The New Pope Should Be a Priest
Symbolized by the three-tiered papal crown, the traditional functions of the papal office are king (ruler – servant), prophet (teacher), and priest (reconciler- healer). These three functions are inseparable. Still, different times call for different emphases. What Catholics need now is a pope who is first and foremost a priest – someone who can reconcile and relate to all facets of our truly global religious community.
From the fourth century until the late nineteenth century, the catholicity of the church was deeply political in nature. It was intertwined with the church’s status as the official religion of the Roman Empire, the Holy Roman Empire, and some successor nations. The pope was a king among kings, although his rule was spiritual as well as temporal.
After the decisive loss of its temporal power, the prophetic function of the papacy became most prominent, as successive popes emphasized their roles as universally authoritative teacher son matters of faith and morals. But recent scandals have undermined their moral authority – it’s very difficult to trust the official pronouncements of an organization that conspired to cover up the sexual abuse of children and young people.
The sense of betrayal over the sex abuse crisis is palpable, not only in the United States, but in other countries as well, such as Ireland and Germany. The alienation is spreading like a lethal Florida sinkhole, Doubling down on ruling and teaching isn’t going to help. It will only make the earth crumble more quickly beneath our feet. The pope needs shift focus, to nurture a strong but flexible global network of solidarity that will stitch together the gaping hole in the heart of the church, allowing it to begin to heal.
Here’s an example: In 2006 and in 2010, I attended two conferences on “Catholic Theological Ethics in the World Church,” the brainchild of James Keenan, S.J., the Founders Professor of Moral Theology at Boston College. It’s one thing to know abstractly that American Catholics constitute less than ten percent of the world church; it’s another thing spend four days talking to five hundred Catholic moralists from over fifty countries around the globe. Talking to African theologians, in particular, I came to see how my assumptions about the proper role of individual autonomy and how best to promote the dignity of women were too deeply entangled in Western cultural presuppositions. Modern air travel brought us all together, post-modern internet connections allowed us to continue the conversation after we all went home. All participants were energized–and humbled–by the realization that we were part of a church that was globally catholic–not just Roman Catholic.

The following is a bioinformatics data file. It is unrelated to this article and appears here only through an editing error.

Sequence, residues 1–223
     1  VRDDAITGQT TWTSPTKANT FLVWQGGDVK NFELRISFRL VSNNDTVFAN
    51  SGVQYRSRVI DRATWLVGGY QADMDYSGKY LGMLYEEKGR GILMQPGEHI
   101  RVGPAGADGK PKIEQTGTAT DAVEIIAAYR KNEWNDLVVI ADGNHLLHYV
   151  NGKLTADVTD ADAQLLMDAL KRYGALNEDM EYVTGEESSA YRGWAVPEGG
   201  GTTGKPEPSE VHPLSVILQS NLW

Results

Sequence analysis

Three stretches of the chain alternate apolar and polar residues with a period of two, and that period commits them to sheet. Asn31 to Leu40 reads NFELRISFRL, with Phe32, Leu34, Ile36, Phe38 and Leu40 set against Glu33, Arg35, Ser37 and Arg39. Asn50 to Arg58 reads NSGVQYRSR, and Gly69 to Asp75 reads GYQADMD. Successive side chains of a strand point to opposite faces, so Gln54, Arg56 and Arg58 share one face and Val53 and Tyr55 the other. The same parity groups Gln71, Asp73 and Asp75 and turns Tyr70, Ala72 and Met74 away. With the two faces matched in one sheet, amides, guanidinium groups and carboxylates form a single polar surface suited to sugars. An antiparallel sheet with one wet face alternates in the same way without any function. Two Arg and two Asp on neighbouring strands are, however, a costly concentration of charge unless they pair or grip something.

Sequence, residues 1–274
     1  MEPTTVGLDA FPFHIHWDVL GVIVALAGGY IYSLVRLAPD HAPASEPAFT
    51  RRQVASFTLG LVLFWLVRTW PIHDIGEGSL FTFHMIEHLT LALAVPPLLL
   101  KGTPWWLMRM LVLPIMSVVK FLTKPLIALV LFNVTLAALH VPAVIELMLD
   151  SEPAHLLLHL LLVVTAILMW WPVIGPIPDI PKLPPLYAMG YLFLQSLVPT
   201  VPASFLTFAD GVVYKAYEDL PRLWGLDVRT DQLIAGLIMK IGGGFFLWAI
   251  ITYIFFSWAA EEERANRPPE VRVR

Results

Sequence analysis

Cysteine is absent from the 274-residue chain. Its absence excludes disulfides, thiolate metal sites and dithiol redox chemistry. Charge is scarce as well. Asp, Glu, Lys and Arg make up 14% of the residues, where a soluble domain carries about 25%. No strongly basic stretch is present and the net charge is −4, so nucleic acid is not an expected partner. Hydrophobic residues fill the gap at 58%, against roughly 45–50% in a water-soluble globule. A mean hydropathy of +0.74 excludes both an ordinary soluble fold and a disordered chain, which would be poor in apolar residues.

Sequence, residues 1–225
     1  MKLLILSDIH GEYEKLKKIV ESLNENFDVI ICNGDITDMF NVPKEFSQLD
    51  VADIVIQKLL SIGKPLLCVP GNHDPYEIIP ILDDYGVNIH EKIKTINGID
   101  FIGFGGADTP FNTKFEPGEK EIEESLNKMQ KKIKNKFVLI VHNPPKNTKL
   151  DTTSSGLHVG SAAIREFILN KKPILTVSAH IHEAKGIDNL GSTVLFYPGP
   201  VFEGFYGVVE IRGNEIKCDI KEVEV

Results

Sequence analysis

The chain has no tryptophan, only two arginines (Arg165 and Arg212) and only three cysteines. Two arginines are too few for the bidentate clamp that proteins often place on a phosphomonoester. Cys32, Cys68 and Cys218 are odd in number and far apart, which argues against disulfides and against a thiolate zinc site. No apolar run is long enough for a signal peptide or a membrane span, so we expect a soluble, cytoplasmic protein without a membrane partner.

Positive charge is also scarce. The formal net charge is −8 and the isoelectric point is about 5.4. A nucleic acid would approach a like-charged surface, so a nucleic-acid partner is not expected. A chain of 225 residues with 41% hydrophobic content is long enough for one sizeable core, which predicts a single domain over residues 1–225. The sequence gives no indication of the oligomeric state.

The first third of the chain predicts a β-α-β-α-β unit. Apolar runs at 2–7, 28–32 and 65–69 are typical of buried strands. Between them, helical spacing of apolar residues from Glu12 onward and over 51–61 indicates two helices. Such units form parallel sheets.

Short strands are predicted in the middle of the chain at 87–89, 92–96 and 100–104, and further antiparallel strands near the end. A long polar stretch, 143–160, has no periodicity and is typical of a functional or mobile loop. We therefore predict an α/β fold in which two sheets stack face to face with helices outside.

What would happen if the new Pope encouraged these sorts of networks and connections among the Catholic faithful as a whole? What would happen if dioceses in North America and Europe were paired with dioceses in Africa and Asia? In addition to fostering solidarity across cultural and economic lines, it could enable new ways of priests working with laity and men working with women. In fact, we might just begin to understand ourselves as a globalized body of Christ. And that, in turn, might help us to heal.